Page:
# CS606 - Compiler Construction - Lecture Handout 22

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Example: here is the bottom-up parser’s action when it parses the expression grammar sentence

x – 2 × y

(tokenized as id – num * id)

 word Stack Handle Action 1 id ► - none - shift 2 – id ► 〈Factor → id,1〉 reduce 3 – Factor ► 〈Term → Factor,1〉 reduce 4 – Term ► 〈Expr → Term,1〉 reduce 5 – Expr ► - none - shift 6 num Expr – ► - none - shift 7 × Expr – num ► 〈Factor → num,3〉 reduce 8 × Expr – Factor ► 〈Term → Factor,3〉 shift 9 × Expr – Term ► - none - shift 10 id Expr – Term × ► - none - shift 11 \$ Expr – Term × id► 〈Factor → id,5〉 reduce 12 \$ Expr–Term × Factor► 〈Term→Term×Factor,5〉 reduce 13 \$ Expr – Term ► 〈Expr → Expr – Term,3〉 reduce 14 \$ Expr ► 〈Goal → Expr,1〉 reduce 15 \$ Goal - none - accept

## Handles

The handle-finding mechanism is the key to efficient bottom-up parsing. As it process an input string, the parser must find and track all potential handles. For example, every legal input eventually reduces the entire frontier to grammar’s goal symbol. Thus, 〈Goal → Expr,1〉 is a potential handle at the start of every parse. As the parser builds a derivation, it discovers other handles. At each step, the set of potential handles represent different suffixes that lead to a reduction. Each potential handle represent a string of grammar symbols that, if seen, would complete the right-hand side of some production.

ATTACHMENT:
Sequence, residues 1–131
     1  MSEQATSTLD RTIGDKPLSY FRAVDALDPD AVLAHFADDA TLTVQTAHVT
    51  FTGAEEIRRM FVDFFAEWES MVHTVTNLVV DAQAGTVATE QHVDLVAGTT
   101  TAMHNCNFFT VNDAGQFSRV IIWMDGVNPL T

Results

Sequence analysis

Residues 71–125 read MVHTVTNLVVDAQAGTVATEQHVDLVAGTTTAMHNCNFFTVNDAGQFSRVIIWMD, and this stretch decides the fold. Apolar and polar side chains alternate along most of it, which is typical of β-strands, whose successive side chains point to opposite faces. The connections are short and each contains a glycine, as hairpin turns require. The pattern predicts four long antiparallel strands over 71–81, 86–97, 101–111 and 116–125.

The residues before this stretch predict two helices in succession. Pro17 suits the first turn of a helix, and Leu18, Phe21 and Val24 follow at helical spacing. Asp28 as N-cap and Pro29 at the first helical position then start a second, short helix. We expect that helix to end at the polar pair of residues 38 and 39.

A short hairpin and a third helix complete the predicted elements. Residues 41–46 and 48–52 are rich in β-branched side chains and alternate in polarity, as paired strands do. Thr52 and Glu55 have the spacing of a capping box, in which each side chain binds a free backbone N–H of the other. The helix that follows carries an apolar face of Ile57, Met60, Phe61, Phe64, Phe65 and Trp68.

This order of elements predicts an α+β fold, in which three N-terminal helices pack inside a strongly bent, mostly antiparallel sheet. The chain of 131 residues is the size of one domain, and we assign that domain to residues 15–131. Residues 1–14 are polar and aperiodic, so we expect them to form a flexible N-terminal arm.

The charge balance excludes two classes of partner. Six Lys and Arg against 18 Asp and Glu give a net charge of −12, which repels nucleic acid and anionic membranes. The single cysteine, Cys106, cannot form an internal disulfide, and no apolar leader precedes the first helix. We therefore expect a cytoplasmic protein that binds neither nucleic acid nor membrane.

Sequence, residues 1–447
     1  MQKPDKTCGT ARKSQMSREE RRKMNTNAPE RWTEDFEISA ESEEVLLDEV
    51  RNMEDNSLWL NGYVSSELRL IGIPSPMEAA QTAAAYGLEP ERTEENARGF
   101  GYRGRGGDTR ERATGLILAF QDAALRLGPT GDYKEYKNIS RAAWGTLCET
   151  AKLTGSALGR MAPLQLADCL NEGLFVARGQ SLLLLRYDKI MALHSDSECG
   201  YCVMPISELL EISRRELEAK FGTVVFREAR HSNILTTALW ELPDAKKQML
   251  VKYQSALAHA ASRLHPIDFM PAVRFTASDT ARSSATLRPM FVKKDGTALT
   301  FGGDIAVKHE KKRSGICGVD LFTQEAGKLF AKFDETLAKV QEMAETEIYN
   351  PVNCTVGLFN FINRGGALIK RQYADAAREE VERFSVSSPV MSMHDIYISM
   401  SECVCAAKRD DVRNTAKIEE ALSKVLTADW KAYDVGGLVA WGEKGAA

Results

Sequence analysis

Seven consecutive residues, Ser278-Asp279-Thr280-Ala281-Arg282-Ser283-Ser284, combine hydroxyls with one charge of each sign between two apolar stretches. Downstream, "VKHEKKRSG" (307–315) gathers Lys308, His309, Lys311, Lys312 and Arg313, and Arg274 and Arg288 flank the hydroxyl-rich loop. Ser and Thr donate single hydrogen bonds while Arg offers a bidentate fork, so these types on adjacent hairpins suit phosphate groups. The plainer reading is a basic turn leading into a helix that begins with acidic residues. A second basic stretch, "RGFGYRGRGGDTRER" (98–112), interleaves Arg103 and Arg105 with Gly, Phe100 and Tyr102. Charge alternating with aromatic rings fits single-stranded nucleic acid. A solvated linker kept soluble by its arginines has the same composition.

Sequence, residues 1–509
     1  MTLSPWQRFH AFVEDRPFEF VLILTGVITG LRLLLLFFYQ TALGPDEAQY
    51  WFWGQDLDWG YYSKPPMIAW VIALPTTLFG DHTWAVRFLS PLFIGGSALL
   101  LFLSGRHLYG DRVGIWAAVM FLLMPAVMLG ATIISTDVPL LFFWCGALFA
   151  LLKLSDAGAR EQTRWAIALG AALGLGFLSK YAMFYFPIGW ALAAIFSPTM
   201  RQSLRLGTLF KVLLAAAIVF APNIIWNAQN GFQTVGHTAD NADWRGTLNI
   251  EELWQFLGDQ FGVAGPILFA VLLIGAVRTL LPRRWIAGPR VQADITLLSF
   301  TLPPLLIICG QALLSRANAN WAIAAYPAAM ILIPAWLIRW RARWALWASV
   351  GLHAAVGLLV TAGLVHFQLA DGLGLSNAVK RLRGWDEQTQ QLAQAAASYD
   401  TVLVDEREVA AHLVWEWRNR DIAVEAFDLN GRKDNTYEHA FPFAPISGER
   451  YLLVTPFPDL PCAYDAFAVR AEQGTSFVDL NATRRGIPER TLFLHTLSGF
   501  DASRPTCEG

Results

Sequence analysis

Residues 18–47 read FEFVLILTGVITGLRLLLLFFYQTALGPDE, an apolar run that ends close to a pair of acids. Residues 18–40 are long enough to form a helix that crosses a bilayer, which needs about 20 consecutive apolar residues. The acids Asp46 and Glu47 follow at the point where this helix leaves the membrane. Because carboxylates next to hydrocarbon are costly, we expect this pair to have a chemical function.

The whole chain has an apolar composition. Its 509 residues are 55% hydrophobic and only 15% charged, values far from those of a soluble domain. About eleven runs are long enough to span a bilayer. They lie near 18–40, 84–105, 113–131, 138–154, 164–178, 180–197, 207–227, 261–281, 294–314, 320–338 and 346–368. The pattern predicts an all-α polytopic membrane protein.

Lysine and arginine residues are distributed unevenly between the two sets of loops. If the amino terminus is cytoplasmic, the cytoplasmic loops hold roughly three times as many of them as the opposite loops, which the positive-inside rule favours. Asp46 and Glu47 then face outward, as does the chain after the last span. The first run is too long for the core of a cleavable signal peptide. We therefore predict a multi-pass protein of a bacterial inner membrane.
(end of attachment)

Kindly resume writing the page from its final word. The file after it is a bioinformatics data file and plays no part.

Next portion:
For the bottom-up parse of the expression grammar string, we can represent the potential handles that the shift-reduce parser should track. Using the placeholder • to represent top of the stack, there are nine handles:

 Handles 1 〈Factor → id •〉 2 〈Term → Factor•〉 3 〈Expr → Term •〉 4 〈Factor → num•〉 5 〈Term → Factor•〉 6 〈Factor → id •〉 7 〈Term → Term × Factor •〉 8 〈Expr → Expr – Term •〉 9 〈Goal → Expr •〉

This notation shows that the second and fifth handles are identical, as are first and sixth.
It also create a way to represent the potential of discovering a handle in future. Consider the parser’s state in step 6: The parser has recognized Expr –. Using the stack-relative notation, we can represent the parser’s state as Expr → Expr – • Term. The parser has already recognized an Expr and a –. If the parser reaches a state where it shifts a Term
on top of Expr and –, it will complete the handle Expr → Expr – Term •. How many potential handles must the parser recognize? The right-hand side of each production can have a placeholder at its start, at its end and between any two consecutive symbols.

Expr → • Expr –Term
Expr → Expr • – Term
Expr → Expr – •Term
Expr → Expr – Term •

If the right-hand side of a production has k symbols, it has k +1 placeholder positions.